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Scratch Lathe

In the words of Adam Savage, “Failure is always an option.”  I don’t typically photograph my failures, but in this case my failure was such a resounding success that it had to be recorded.

I tried to make a lathe.  I tried to make one from nothing but heat and scrap metal.  That’s right, I melted down aluminum and cast it in sand in my garage.  It was ambitious, it was complicated, it was doomed to complete failure, and it was glorious.  It came as a big surprise to me that aluminum can be melted with little more than a shopvac, some charcoal and a coffee can.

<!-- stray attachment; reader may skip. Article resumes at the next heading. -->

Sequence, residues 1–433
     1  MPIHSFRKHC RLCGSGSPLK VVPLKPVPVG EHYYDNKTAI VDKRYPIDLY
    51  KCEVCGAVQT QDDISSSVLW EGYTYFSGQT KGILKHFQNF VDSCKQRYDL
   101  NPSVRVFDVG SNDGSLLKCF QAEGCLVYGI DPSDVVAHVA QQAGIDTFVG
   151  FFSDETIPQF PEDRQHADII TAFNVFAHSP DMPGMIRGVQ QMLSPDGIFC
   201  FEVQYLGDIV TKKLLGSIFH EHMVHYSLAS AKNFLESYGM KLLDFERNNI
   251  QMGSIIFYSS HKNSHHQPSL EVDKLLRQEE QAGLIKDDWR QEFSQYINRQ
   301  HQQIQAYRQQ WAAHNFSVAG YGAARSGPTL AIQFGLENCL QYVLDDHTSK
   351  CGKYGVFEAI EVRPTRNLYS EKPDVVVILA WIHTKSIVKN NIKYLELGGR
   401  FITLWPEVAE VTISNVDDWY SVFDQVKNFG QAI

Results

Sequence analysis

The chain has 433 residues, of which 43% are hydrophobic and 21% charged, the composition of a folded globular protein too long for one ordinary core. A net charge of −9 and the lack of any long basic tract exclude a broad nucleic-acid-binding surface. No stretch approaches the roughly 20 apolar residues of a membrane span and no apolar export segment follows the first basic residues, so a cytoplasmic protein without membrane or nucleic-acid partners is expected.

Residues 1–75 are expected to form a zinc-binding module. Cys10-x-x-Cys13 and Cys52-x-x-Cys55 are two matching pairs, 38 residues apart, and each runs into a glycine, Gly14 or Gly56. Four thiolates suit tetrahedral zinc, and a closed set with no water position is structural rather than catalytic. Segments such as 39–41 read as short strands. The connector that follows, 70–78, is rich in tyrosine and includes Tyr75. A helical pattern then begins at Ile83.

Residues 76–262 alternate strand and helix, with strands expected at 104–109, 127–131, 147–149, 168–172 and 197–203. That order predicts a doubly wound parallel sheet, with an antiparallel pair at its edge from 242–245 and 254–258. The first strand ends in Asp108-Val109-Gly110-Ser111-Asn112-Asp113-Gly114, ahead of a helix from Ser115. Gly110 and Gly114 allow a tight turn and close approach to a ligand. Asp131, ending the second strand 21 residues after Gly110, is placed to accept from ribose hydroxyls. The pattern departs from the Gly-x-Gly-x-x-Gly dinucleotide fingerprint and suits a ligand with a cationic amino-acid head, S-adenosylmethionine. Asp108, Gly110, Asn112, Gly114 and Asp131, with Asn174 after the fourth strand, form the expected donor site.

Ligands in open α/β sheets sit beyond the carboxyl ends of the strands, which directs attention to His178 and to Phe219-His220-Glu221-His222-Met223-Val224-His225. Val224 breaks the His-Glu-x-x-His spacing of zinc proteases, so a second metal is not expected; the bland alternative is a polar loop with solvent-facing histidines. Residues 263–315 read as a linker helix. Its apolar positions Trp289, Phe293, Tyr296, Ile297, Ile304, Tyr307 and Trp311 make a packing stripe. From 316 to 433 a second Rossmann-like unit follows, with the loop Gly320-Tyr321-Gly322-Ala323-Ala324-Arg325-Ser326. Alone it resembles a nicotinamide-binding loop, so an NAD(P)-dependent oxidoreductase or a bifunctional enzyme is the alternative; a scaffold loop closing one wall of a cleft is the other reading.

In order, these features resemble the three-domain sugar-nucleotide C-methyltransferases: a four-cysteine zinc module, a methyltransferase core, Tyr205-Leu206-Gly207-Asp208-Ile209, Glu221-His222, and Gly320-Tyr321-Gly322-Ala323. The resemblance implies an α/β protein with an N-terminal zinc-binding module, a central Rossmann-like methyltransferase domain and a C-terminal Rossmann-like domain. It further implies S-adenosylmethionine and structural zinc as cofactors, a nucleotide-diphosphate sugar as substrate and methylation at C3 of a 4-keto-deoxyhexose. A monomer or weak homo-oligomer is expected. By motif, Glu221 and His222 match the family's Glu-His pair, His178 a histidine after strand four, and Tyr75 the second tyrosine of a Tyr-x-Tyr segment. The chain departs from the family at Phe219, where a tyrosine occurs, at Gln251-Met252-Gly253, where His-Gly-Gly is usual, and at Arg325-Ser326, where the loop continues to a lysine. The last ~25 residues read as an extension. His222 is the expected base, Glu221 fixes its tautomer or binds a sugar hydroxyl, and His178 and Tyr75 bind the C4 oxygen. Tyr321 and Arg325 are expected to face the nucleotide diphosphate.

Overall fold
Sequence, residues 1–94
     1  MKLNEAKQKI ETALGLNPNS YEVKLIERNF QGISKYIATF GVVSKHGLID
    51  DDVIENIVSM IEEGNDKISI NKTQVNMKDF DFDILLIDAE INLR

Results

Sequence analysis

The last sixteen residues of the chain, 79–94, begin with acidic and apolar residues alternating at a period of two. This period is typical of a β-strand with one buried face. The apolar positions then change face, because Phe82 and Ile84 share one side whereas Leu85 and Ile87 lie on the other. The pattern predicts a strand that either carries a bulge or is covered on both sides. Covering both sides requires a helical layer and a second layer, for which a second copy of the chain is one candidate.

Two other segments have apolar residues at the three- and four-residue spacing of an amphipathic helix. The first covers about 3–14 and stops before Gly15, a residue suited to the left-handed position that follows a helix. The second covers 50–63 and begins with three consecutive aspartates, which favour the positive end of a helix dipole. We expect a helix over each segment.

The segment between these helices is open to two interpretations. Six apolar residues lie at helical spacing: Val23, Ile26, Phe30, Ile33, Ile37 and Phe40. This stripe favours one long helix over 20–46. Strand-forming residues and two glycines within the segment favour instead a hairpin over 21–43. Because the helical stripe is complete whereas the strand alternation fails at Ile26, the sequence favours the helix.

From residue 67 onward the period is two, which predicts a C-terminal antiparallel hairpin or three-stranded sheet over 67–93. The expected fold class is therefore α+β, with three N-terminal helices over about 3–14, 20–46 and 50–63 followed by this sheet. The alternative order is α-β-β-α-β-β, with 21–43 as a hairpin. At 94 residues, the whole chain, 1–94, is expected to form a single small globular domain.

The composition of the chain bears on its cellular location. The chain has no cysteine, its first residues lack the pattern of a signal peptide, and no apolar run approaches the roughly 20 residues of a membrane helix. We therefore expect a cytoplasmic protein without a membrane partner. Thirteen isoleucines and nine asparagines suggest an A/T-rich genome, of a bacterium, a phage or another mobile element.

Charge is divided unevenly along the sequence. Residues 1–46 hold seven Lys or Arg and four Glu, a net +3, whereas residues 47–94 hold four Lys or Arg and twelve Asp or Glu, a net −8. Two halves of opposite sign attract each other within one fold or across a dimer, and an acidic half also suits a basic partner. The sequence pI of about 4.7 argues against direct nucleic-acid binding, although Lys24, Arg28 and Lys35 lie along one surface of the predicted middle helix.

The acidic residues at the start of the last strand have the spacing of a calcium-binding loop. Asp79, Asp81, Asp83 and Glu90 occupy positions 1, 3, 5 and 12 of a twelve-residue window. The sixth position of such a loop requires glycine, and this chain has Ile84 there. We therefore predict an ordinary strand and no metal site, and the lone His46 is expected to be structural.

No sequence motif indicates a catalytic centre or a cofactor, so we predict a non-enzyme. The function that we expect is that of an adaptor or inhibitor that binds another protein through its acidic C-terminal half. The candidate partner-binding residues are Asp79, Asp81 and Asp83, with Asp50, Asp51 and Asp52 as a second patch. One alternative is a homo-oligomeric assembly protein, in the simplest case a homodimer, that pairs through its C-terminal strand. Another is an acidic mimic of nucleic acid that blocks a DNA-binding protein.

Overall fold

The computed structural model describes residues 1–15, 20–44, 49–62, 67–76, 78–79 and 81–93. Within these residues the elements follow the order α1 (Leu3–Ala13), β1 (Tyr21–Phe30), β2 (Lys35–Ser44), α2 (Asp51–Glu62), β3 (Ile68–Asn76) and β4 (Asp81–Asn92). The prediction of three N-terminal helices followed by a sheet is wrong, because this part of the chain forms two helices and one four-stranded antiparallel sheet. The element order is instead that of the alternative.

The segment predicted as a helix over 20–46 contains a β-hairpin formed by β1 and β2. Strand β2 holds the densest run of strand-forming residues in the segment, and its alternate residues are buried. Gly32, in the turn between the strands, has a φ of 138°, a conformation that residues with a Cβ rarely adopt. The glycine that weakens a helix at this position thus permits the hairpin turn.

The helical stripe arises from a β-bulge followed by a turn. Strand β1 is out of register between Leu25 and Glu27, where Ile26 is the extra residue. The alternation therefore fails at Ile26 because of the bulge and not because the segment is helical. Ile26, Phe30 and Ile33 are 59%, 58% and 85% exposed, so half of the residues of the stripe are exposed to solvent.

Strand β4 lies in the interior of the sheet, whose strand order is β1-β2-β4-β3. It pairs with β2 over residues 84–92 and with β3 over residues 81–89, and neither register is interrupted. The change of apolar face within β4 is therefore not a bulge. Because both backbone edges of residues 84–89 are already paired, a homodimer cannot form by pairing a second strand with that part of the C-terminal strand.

One of the parts.  It is made of insulation foam and hot glue, the idea being that I would bury it in sand and the molten aluminum would vaporize and replace the form of the foam with its incredible heat.  The screws are my laziness showing–if I cast the part with screws in it, I reasoned that I wouldn’t have to drill and tap holes.  I was a little wrong there.

One of the end results.  A foam copy and the metal version.  As you can see, the shape of the foam didn’t quite allow the liquid metal to trickle all the way in, leaving a nub where the little projection should be.  One of many problems beleaguering this project.  I ended up scrapping the whole thing, and chalking it up to experience.  It was fantastic fun, and something I may return to someday, if I think of a really cool project idea. Until then, I’ll buy my stock in bars and sheets and cut it and attach it together mechanically like any reasonable-minded fellow.

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